House votes to repeal Obama-era workplace protections

House votes to repeal Obama-era workplace protections
© Greg Nash

The House voted Wednesday to repeal an Obama-era workplace regulation.

The Labor Department’s Occupational Safety and Health Administration (OSHA) has long required companies to report workplace injuries and illnesses, but the agency last December extended the time period during which they can be penalized for failing to make these reports to five years

Rep. Bradley Byrne (R-Ala.), who introduced the legislation, called the OSHA rule a “power grab.”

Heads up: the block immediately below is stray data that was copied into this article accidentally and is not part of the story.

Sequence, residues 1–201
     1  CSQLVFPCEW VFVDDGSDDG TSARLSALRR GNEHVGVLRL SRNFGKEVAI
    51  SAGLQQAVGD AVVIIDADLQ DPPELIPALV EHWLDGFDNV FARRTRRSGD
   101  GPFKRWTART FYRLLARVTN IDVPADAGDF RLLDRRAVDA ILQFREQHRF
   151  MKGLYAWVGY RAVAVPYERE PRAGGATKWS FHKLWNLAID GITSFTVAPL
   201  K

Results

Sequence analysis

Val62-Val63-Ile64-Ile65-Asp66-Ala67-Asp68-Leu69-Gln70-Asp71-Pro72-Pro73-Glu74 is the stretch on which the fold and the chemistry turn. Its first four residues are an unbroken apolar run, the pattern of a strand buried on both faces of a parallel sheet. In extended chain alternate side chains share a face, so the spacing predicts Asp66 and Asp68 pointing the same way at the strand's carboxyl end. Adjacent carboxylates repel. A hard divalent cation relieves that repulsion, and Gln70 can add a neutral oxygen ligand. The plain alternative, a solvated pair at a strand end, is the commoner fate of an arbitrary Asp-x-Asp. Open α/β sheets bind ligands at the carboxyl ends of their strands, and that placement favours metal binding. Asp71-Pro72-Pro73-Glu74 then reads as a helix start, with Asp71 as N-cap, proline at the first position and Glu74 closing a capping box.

Republicans led the charge to repeal the Obama-era rule, which went into effect just days before President Trump’s inauguration.

The House voted 231 to 191 to roll back the workplace protections under the Congressional Review Act, which makes it easier for a simple majority of lawmakers to overturn recently published regulations. Six Republicans opposed the measure, while four Democrats supported it.

With support from President Trump in the White House, Republican lawmakers have repealed a handful of Obama-era rules without much Democratic support.

The Labor Department’s workplace rule could be the latest victim of the Congressional Review Act. The Senate has yet to vote on the bill, but is expected to pass this and a number of similar regulatory repeals after it gets past the confirmation process for Trump’s cabinet nominees.

President Trump is likely to sign these bills.